Voice over Internet protocol (VoIP) service providers are gearing up to deal with the substantial increase in demand as well as challenges associated with moving into the mass market. They have to address the issues of pricing, regulatory uncertainty, and competition to be successful in the big league.
New analysis from Frost & Sullivan (telecom.frost.com), North American Residential VoIP Markets, reveals that market revenue totaled $295.1 million in 2004 and expects to reach $4,076.7 million in 2010.
If you are interested in a virtual brochure, which provides manufacturers, end users, and other industry participants with an overview of the North American Residential VoIP Markets, then send an e-mail to Mireya Castilla, Corporate Communications, at mireya.castilla[...]frost.com, with the following information: your full name, company name, title, telephone number, e-mail address, city, state, and country. Upon receipt of the above information, a confirmation/pass code for the live briefing will be emailed to you.
Mass-market customers, unlike early adopters, are not attracted to new technology. They must be convinced that IP telephony is superior to plain old telephone service (POTS) and can provide access to 911 networks.
“Customer apprehension about the value of the service can be overcome by increasing awareness about the advantages of VoIP over traditional telephony,” says Frost & Sullivan Senior Analyst Lynda Starr. “The issue of providing timely access to 911 can be alleviated through industry cooperation.”
Once all issues are resolved, VoIP-based services will burgeon due to greater broadband penetration, service providers’ need to increase revenue, and. availability of low-priced services.
While potential subscribers are likely to show initial interest in IP telephony due to its cost savings, they will choose the service for additional features such as virtual numbers and videoconferencing.
VoIP also enables advanced features including Web-based call logs, click-to-dial, and scheduling phone calls. These options increase customer satisfaction and offer providers additional revenue streams.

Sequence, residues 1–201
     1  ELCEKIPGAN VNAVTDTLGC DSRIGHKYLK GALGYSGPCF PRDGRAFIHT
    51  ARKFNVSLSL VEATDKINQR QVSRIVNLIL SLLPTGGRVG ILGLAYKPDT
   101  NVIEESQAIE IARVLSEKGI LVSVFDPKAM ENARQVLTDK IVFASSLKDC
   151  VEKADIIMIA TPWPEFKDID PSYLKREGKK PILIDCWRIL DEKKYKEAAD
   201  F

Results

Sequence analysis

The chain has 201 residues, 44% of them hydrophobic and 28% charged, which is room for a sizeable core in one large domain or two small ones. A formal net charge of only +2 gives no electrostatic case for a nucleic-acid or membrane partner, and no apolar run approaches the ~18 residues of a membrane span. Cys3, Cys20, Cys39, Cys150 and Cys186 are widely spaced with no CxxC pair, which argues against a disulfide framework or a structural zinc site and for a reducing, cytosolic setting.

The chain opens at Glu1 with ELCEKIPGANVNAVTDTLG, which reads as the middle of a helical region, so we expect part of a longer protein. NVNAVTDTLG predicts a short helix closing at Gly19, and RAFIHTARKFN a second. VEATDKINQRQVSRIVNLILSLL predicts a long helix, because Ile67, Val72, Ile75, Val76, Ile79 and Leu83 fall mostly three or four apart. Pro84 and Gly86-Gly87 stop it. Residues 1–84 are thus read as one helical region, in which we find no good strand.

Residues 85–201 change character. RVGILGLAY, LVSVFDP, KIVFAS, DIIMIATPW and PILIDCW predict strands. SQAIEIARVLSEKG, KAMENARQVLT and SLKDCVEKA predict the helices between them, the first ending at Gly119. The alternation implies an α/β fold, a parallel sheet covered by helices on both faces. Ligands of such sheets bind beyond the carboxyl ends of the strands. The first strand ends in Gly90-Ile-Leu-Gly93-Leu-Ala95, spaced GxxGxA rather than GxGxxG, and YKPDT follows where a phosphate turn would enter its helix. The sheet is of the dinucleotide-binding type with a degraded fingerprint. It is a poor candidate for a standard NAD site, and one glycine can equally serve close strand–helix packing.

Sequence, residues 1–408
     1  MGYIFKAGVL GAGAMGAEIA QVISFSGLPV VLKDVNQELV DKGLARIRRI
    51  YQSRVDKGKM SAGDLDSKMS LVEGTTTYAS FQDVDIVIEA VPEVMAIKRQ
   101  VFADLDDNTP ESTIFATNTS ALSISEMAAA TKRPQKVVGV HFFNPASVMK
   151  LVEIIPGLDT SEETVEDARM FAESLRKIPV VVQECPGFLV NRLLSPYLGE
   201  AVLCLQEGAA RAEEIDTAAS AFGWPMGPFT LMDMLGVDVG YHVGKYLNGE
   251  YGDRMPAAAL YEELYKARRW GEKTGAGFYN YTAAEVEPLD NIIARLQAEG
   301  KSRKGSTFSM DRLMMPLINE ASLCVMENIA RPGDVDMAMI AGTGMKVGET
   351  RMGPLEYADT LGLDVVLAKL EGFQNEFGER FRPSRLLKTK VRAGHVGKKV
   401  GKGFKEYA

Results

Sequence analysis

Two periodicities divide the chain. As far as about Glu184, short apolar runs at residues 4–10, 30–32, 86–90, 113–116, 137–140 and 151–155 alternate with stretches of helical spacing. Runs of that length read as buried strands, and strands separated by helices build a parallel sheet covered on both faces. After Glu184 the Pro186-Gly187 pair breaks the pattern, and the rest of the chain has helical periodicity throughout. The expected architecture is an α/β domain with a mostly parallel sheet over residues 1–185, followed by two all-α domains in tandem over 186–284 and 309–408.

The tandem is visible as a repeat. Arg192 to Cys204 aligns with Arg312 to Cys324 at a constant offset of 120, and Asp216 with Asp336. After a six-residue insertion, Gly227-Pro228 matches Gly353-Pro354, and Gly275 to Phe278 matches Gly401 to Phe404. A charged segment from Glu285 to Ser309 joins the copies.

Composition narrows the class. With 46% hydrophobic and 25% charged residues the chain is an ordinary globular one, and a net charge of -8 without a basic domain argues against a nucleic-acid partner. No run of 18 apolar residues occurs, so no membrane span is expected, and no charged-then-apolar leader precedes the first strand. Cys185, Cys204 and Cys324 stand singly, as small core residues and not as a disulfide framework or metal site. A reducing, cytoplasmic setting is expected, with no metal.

However, some participants such as the incumbent telecommunications service providers correctly perceive competition from new IP telephony providers as a threat to their revenue. In the past, incumbent local exchange carriers (ILECs) in the United States have lost 15.0 million access lines to various competitors. Many of these lines are second lines used by teens, telecommuters, and for data lines.
“Residential subscribers are likely to replace second lines with wireless or VoIP; the benefits of VoIP include lower cost, additional features and ease of use,” notes Starr. “If an ILEC offers VoIP, it risks cannibalizing traditional revenue but also opens up new revenue streams.”
The residential VoIP market expects to witness significant growth in the customer base and revenue despite residential VoIP subscriptions still being in the nascent market stage.
Service providers that also deal in cable, Internet service provider (ISP), and non-telecom operations are likely to enter the market, and thereby drive the growth of VoIP lines from 1.5 million to more than 18.0 million during 2004-2010.
North America Residential VoIP Markets is part of the IP Communications subscription and discusses the opportunities and challenges faced by virtual network operators, incumbent providers, cable operators, and other new service providers targeting the market with VoIP-based services. It also enables companies to align their positioning strategies to benefit from the changing market and obtain maximum return on investment. Analyst interviews and executive summaries are available to the press.
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Keywords in this release: voice over Internet protocol, residential VoIP, North America, plain old telephone service, POTS, 911, Web-based call logs, click-to-dial, incumbent local exchange carrier, ILEC, Internet service provider, ISP, research, information, market, trends, technology, service, forecast, market share